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Mobile Web speeds up TV's second-screen adoption

Nissan1

There is little doubt that brands and publishers are constantly looking to connect with mobile users through television. Although applications have traditionally been used to bridge both channels, marketers need to also eye second-screen mobile Web sites to reach a wide group of users.

Recent initiatives from Nissan and Showtime Sports point to marketers using mobile Web for stronger second-screen interaction. According to some experts, developing experiences for the mobile Web specifically could help marketers sync their multichannel efforts more than apps, leading to faster consumer adoption.

“Mobile Web allows a faster user response to initial calls-to-action,” said Matt Garrity, director of business development at Canvas, New York.

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“Whether it's from a mobile ad, email link or an on-air promo, today's smartphone users appreciate avoiding that download period,” he said. “A smooth and quick intro to a second-screen experience will only positively impact user adoption.”

Mobile interaction
One of the primary challenges with second-screen TV experiences is asking consumers to not only download an app, but also use it conjunction with what they are currently watching on-air.

Brands have traditionally used a variety of apps including Shazam, Viggle and GetGlue to tie TV advertising and content together with mobile users. In addition to requiring consumers to fork over prime real estate on their devices, consumers might also be confused by the number of options available.

Although there are still challenges, asking consumers to type a URL into their mobile browsers takes one step out of the process, which could help boost interaction.

Additionally, a mobile site allows any mobile phone or tablet owner to interact with content, regardless of the device that they are using.

For instance, Nissan recently rolled out a second-screen mobile site for the launch of the second season of GT Academy TV series.

Using a mobile site, consumers can vote on polls, watch video clips and interact with content from the show in real-time (see story).


Nissan's GT Academy mobile site

With consumers often watching television while interacting with multiple mediums, TV networks are using a slew of mobile tools to connect with viewers. Although many TV networks offer mobile sites, very few use them to create a dialogue with viewers.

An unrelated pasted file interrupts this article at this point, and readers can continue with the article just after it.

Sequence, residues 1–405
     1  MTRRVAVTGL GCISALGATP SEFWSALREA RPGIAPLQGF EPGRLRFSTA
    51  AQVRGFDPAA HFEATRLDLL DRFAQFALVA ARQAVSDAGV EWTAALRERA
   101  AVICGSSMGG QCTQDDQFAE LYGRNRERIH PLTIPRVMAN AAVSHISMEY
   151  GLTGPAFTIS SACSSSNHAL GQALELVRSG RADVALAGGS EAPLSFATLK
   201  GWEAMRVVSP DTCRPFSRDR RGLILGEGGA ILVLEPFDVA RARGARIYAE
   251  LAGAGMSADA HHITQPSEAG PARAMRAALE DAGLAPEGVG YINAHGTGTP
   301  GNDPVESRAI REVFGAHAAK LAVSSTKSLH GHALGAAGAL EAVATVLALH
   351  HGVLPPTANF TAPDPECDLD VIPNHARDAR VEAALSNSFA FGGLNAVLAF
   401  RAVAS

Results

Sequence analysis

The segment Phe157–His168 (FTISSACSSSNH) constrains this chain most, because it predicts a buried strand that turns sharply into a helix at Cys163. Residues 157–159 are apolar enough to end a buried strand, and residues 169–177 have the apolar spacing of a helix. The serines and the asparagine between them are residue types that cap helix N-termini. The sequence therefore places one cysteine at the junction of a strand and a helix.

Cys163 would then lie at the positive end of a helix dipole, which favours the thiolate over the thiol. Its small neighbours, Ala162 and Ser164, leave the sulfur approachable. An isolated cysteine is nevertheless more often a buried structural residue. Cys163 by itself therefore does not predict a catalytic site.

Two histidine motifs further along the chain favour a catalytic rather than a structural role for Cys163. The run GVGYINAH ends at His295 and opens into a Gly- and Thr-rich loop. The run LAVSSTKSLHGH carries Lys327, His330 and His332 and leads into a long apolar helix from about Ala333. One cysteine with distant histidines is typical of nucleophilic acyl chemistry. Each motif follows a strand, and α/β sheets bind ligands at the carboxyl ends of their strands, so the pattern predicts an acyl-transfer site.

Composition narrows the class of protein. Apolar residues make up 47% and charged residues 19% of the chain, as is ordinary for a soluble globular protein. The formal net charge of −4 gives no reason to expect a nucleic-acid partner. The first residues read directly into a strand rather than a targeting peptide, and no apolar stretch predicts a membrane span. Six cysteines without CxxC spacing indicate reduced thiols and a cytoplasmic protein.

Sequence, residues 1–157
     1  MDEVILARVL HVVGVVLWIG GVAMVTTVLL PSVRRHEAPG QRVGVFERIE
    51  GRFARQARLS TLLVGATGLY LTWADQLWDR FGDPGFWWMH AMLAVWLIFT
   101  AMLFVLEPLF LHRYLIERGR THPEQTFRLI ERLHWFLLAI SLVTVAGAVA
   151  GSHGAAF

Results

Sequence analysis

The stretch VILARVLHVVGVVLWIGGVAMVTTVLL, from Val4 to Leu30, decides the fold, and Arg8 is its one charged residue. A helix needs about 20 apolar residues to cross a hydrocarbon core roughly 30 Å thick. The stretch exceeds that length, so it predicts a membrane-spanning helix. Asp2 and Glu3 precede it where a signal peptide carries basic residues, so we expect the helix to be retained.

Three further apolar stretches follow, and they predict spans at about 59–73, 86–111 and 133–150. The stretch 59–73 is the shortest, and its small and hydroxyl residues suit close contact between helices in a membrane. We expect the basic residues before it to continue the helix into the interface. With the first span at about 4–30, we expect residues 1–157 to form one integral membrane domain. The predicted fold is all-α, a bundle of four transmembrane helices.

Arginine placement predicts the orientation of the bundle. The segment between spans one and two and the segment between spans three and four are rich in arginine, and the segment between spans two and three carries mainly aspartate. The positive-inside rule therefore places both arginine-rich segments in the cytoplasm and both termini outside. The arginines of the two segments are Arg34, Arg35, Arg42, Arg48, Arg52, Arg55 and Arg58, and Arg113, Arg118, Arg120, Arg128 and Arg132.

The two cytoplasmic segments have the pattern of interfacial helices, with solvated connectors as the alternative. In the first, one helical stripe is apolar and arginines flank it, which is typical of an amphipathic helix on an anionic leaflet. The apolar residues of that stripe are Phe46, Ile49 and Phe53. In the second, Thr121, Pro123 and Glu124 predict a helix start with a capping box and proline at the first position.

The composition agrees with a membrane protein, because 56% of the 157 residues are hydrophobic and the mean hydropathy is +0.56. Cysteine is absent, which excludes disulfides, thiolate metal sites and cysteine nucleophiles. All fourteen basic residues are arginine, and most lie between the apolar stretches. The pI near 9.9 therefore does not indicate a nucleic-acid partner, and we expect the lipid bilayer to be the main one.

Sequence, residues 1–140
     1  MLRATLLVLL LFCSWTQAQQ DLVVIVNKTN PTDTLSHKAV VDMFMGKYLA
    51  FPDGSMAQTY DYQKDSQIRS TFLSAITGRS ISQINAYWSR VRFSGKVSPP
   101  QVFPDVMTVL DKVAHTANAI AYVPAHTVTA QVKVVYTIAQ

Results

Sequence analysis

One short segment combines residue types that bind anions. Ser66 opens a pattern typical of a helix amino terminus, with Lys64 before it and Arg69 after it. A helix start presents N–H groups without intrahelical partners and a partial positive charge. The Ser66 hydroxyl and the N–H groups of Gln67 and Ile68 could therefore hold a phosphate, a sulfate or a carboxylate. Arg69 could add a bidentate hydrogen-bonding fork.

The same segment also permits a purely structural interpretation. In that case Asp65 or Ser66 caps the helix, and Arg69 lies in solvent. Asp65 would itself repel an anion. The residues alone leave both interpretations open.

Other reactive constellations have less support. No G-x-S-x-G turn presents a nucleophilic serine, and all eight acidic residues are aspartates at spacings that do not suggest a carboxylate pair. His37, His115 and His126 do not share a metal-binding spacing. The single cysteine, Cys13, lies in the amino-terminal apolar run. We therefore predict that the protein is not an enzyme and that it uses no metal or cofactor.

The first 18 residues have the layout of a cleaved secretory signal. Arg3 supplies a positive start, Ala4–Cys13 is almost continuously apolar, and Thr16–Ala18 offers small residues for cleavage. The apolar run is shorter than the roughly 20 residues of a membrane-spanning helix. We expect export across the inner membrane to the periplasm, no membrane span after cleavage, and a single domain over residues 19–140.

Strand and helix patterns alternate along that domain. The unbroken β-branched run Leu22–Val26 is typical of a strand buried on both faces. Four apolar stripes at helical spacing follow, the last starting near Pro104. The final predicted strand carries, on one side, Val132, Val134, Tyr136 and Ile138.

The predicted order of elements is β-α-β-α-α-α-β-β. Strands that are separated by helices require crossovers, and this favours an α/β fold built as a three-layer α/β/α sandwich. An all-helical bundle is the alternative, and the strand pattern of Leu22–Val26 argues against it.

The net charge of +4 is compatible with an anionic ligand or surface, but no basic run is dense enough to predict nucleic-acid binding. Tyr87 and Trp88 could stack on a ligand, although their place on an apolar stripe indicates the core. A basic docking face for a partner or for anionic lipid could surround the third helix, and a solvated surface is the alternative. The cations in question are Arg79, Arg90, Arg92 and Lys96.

Additionally, with technologies such as HTML5, mobile Web experiences are increasingly resembling apps with richer content.

“The TV networks should be looking to design customized second-screen experiences in addition to utilizing the mass market products,” Mr. Garrity said.

For example, Showtime Sports recently worked with Canvas to revamp the company’s mobile site with a responsive design approach. Via the mobile site, consumers can view information about upcoming matches, watch videos and browse through photo galleries (see story).

Slower adoption
Mobile and TV have gone together for quite some time.

However, there are significant challenges in connecting what a consumer watches on TV to a relevant, tailored mobile screen.

Social media plays a key role in how consumers share what they are watching on-air with friends and family, often through mobile devices.

“For the most part, mobile is what consumers are doing during commercial breaks,” said Dave Martin, senior vice president of media at Ignited, El Segundo, CA.

“In some cases they are engaging more deeply with the content on their big screen by doing things like looking up information on actors, writers and back stories,” he said. “But what we’re seeing more often than that is consumers picking up their phone or tablet to check in on Facebook instead of sitting through commercials.  We’ve seen some clever ways to make TV more social, but none of them have really hit a tipping point yet.”

Regardless of whether a mobile call-to-action on TV promotes an app or a mobile site, context is key, per Mr. Martin. For instance, a spot promoting an app might be more effective for a news organization for consumers to receive news alerts. On the other hand, a call-to-action for a mobile site might be better geared for an audience that wants to quickly flip through cast information.

Added value
Marketers also need to be looking at the type of device that consumers are accessing content on while watching TV.

According to recent research from Google, 77 percent of the time consumers spend watching TV is with another device. Specifically, 49 percent of consumers use their smartphone while watching TV (see story).

Given smartphones users’ tendency to use their devices for more action-driven, quick bits of information, a mobile site instead of an app might make more sense for a brand to use, according to Matthew Cava, strategy director of mobile solutions at Vibes Media, Chicago.

Since mobile is often a second or third screen for consumers watching TV, the second-screen experience must give users an upfront, clear value.

“As a second-screen companion with a TV show or movie, a mobile site is a better experience,” Mr. Cava said.

“When you see something and quickly want to interact, but don't want to take time away from the TV screen, a mobile site is the perfect tool – quick and easy,” he said.

“The expectation is to provide a specific landing page to discover specific content. When you think about an app, you're expecting a deeper engagement that you will spend some time with."

Final Take
Lauren Johnson is associate reporter on Mobile Marketer, New York

Lauren Johnson is associate reporter on Mobile Marketer. Reach her at lauren@mobilemarketer.com.

 
Related content: Television, mobile, mobile commerce, mobile marketing, Vibes Media, Dave Martin, Ignited, Matt Garrity, Canvas

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